Dalio is signaling that we should turn our lights on. Finn is signaling that we should turn our lights on. When you get calls from clients saying that QE worked over the last 10 years, it will work again and they desire to get back into stocks, remind them we sit late cycle, stocks are overvalued and now is not a good time to get aggressive (2009 was good, 2007 was not, 2002 was good, 2000 was not). Just say no, unless they have a solid investment process in place. I remain fundamentally bearish, underweight equities though technically bullish (see the dashboard of trend indicators in the Trade Signals section below). Key to the equation is process. I believe we are very close to a secular turning point. Lights on.
Dalio put it this way:
During the 50 or so years that I’ve been a global macro investor, I’ve found that markets and market relationships tend to operate in a certain way (which I call “paradigms”) over relatively long periods (about 10 years). When one paradigm shifts to another, the relationships in the new paradigm are often more opposite than similar to the prior period. Identifying these shifts and navigating them well is critical to being successful as an investor. I believe that we are likely approaching such a shift…
What Might a Paradigm Shift Look Like?
From an investment perspective, the following chart from friend, Louis-Vincent Gave, does a great job simplifying the secular regimes. It’s basic but informative. Cutting to the chase, it shows that different economic cycles favor and disfavor different investment themes. For example, the late 1970s and early 1980s were an “Inflationary Boom” cycle. It favored real estate, gold, commodities and, if you were a bond investor, you got crushed (as interest rates spiked to 15+% by 1982.) That set up an exceptional investment opportunity in stocks and bonds when the next shift occurred. It’s been a “Disinflationary Boom” for much of the last 40 years.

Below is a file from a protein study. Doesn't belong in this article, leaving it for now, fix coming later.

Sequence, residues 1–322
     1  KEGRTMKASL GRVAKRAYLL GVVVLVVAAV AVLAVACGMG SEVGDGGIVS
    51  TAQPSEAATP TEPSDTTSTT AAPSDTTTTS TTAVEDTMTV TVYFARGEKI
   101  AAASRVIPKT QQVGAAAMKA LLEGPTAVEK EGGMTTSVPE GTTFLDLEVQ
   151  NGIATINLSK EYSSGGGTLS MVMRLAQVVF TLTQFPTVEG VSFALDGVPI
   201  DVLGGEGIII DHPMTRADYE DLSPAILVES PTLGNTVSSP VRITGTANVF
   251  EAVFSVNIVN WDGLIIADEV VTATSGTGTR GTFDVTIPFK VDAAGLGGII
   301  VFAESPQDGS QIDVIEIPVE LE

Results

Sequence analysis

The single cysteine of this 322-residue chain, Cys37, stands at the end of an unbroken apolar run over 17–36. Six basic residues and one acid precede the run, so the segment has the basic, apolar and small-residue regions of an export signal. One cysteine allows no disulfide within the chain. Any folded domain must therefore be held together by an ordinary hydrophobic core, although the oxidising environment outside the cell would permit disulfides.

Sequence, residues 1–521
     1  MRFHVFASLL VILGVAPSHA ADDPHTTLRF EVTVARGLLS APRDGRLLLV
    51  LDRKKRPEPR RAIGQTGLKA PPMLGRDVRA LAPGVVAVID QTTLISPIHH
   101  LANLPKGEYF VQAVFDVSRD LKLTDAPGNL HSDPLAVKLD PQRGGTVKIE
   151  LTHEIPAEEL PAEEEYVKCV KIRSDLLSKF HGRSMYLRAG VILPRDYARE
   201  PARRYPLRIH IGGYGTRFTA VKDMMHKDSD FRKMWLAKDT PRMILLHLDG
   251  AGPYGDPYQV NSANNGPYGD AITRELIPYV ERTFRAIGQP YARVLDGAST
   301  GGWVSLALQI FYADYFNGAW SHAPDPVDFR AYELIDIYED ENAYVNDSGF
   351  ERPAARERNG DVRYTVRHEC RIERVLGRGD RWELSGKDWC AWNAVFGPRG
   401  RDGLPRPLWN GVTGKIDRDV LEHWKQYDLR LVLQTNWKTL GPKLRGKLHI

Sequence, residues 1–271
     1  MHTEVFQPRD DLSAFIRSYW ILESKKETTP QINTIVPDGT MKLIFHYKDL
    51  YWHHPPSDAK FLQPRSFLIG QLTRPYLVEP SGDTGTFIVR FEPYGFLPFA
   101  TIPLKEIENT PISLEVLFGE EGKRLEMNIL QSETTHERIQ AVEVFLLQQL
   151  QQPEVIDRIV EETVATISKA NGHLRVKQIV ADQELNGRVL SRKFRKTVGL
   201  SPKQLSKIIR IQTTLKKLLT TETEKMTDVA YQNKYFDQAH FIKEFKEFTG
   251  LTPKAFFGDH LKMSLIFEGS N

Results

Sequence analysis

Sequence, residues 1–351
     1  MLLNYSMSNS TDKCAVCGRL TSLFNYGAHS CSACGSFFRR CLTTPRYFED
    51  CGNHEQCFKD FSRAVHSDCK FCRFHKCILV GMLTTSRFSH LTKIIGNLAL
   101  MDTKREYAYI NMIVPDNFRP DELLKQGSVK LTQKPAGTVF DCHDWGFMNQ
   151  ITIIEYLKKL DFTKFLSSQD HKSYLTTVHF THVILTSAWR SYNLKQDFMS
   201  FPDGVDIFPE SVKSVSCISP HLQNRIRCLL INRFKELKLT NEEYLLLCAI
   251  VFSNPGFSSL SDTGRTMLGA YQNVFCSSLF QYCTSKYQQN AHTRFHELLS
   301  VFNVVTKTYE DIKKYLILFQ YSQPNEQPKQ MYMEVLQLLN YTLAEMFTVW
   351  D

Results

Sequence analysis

Today, “whatever it takes” is designed to prevent “Disinflationary Bust.” If “whatever it takes” central bank policy wins, and I believe it will, then we shift up and to the right (red arrow next chart) and you will want to overweight the assets in that quadrant.
Here’s the chart:
Grab that coffee and find your favorite chair. When you click through on the orange On My Radar button you’ll find a few telling charts on debt (to help you see the enormity of the problem we face) along with the most recent Trade Signals post. I hope you find the information helpful. Thanks for reading.